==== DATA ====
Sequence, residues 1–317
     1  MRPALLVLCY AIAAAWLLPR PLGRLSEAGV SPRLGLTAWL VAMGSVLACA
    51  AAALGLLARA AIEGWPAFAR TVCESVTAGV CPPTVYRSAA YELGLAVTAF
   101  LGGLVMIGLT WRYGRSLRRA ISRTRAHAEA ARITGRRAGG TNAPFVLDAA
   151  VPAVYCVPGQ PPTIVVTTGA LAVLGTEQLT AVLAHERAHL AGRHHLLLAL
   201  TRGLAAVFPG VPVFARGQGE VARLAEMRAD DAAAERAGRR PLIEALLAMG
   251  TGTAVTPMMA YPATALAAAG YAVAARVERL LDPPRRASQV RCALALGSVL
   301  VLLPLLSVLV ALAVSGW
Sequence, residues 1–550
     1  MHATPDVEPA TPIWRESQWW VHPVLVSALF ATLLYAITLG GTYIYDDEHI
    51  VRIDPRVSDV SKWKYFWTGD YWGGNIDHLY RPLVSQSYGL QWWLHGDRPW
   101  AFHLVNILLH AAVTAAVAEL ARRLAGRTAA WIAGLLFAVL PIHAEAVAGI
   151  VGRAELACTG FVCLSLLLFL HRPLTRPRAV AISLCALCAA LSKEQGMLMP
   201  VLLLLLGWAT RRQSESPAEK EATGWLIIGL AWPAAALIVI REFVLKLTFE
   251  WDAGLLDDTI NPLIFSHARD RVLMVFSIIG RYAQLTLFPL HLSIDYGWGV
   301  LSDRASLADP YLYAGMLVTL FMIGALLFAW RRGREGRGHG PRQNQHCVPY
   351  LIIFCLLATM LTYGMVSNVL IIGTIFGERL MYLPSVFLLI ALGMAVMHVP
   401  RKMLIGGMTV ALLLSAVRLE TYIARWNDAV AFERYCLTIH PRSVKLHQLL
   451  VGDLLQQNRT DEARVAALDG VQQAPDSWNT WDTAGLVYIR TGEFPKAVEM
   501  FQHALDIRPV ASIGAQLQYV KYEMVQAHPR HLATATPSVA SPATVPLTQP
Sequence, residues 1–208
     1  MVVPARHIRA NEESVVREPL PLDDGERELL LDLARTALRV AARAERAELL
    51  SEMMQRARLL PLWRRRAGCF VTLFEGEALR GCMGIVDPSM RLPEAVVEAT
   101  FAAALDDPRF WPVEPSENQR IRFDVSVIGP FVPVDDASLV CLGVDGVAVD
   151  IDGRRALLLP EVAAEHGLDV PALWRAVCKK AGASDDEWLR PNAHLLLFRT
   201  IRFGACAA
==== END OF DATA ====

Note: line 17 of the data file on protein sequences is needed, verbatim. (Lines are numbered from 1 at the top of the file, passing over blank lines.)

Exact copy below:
   351  LIIFCLLATM LTYGMVSNVL IIGTIFGERL MYLPSVFLLI ALGMAVMHVP